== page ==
For several reasons: First off, the SR-71 was a plane which was never intended. An earlier Blackbird incarnation, the single seat A-12 had been in service for several years with the CIA under the codename Oxcart. When the veil of secrecy was lifted and the USAF discovered it, the Air Force demanded to be responsible for strategic aerial reconnaissance. ...


12

Both the MiG-25 and MiG-31 designs had engines that would overheat and be damaged an anything past Mach 2.83, so both planes were limited by this. Typical speeds were closer to Mach 2.5 to extend the life of the planes. The highest aerodynamic heating occurs at the leading edges. It's possible that the MiG designs used titanium in these areas but opted for ...


11

Is it possible to use refrigeration technology to cool down the aircraft's skin so it can reach much higher speeds? Fundamentally: no. Refrigeration technology moves heat energy around, it doesn't get rid of it. Your fridge moves heat from inside to the outside. To get rid of it, you have two means, broadly speaking: Heat up some mass and throw it away ...


10

I'm reasonably certain the speed limit (so to speak) on the SR-71 wasn't to prevent its skin from melting. The hottest the skin got during flight was less than 600 C. That's definitely hot--but it's a long ways short of the melting temperature of titanium (1668 C). Early supersonic aircraft often had control problems, because the leading edge of the air ...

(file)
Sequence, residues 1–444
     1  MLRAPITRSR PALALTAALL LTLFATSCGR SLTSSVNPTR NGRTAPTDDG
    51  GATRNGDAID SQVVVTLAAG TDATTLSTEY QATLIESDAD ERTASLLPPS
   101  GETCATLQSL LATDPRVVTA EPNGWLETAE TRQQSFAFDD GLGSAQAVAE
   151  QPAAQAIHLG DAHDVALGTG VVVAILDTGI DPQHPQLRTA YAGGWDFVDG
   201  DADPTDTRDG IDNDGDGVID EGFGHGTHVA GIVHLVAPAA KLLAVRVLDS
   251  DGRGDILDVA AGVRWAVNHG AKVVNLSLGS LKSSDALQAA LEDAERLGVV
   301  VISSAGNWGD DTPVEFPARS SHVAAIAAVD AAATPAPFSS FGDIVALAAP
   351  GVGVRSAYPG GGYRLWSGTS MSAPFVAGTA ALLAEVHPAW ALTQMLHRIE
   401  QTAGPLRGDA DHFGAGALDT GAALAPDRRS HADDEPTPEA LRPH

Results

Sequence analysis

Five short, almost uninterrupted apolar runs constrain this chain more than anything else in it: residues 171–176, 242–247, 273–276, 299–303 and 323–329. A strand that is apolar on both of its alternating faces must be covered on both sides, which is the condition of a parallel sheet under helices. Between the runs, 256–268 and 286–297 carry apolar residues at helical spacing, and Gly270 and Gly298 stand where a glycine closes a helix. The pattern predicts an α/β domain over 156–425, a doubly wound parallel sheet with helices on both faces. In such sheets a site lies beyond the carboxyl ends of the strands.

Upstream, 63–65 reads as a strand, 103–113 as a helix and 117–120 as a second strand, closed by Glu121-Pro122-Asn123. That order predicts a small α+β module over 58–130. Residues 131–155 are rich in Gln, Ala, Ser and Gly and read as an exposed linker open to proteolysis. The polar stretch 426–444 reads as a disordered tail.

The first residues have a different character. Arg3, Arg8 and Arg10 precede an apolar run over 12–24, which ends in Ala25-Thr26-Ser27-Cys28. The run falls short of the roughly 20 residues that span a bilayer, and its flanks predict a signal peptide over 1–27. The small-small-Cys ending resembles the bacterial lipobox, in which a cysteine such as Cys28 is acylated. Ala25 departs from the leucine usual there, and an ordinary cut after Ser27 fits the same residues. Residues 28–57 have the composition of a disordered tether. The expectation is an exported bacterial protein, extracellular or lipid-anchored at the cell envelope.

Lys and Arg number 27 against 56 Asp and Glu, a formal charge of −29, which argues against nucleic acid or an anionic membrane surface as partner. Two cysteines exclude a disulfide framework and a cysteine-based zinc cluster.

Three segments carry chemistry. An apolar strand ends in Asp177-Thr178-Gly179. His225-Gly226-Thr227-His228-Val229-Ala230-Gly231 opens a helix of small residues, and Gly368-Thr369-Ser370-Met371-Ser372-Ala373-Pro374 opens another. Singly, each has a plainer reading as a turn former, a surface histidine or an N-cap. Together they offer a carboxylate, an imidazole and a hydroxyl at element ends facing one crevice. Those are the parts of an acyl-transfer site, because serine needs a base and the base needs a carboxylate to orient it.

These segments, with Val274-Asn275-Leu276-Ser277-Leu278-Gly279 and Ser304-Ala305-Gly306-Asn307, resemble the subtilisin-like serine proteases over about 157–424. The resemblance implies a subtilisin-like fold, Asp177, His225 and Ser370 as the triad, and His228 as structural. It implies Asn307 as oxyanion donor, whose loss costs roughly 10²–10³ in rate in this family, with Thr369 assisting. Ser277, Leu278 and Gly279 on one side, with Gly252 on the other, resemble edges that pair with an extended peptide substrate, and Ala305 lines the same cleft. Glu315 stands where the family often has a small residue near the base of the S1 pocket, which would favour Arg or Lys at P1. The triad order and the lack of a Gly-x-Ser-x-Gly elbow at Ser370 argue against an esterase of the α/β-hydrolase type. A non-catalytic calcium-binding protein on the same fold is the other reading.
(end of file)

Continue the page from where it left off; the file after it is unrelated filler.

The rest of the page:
9

I'd like to answer with a focus on the SR-71, since I happen to have a book that gives details on its design. Ben Rich was the lead of the propulsion and thermodynamics group for the SR-71, and Kelly Johnson's successor as head of the Skunkworks for later programs. In the "Faster Than a Speeding Bullet" chapter of his memoir Skunkworks (pg 203 in the first ...


8

Like every military aircraft built over the years, the aircraft evolve. So to address the aircraft's history and all variants, let's refer to it as the Blackbird. The Blackbird started out as the A-12 procured for the CIA. Fifteen of these were built with one being a 2-seat trainer. Two of the 15 were modified into M-21 aircraft prior to delivery. The M-...


7

Actually, the task of the diffusor was to create thrust. Sounds strange? Then read on! At supersonic speed the spike ahead of the inlet will create a cascade of ever-steeper shocks in order to slow down and compress the air. Inside, the cross section narrows down further until the flow is decelerated to below Mach 1 in a final, straight shock. This is the ...